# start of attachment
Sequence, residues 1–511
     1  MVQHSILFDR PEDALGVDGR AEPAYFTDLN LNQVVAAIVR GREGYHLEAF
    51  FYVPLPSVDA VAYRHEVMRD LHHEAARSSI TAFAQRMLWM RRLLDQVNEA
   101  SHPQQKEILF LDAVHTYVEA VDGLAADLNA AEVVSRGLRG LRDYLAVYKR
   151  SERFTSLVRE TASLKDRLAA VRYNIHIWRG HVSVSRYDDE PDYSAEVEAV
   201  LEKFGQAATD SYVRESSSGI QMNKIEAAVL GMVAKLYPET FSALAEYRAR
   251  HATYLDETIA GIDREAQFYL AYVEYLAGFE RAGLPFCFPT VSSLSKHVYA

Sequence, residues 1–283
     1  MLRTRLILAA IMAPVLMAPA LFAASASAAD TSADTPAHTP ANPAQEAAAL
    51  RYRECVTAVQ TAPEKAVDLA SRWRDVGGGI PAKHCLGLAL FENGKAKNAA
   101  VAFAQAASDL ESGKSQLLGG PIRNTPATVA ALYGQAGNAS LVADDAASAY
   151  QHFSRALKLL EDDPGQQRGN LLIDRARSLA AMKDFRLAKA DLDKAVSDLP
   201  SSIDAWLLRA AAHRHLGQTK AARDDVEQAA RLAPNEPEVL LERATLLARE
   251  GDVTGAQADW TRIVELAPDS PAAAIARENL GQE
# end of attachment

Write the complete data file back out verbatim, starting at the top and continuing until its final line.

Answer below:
Sequence, residues 1–511
     1  MVQHSILFDR PEDALGVDGR AEPAYFTDLN LNQVVAAIVR GREGYHLEAF
    51  FYVPLPSVDA VAYRHEVMRD LHHEAARSSI TAFAQRMLWM RRLLDQVNEA
   101  SHPQQKEILF LDAVHTYVEA VDGLAADLNA AEVVSRGLRG LRDYLAVYKR
   151  SERFTSLVRE TASLKDRLAA VRYNIHIWRG HVSVSRYDDE PDYSAEVEAV
   201  LEKFGQAATD SYVRESSSGI QMNKIEAAVL GMVAKLYPET FSALAEYRAR
   251  HATYLDETIA GIDREAQFYL AYVEYLAGFE RAGLPFCFPT VSSLSKHVYA

Sequence, residues 1–283
     1  MLRTRLILAA IMAPVLMAPA LFAASASAAD TSADTPAHTP ANPAQEAAAL
    51  RYRECVTAVQ TAPEKAVDLA SRWRDVGGGI PAKHCLGLAL FENGKAKNAA
   101  VAFAQAASDL ESGKSQLLGG PIRNTPATVA ALYGQAGNAS LVADDAASAY
   151  QHFSRALKLL EDDPGQQRGN LLIDRARSLA AMKDFRLAKA DLDKAVSDLP
   201  SSIDAWLLRA AAHRHLGQTK AARDDVEQAA RLAPNEPEVL LERATLLARE
   251  GDVTGAQADW TRIVELAPDS PAAAIARENL GQE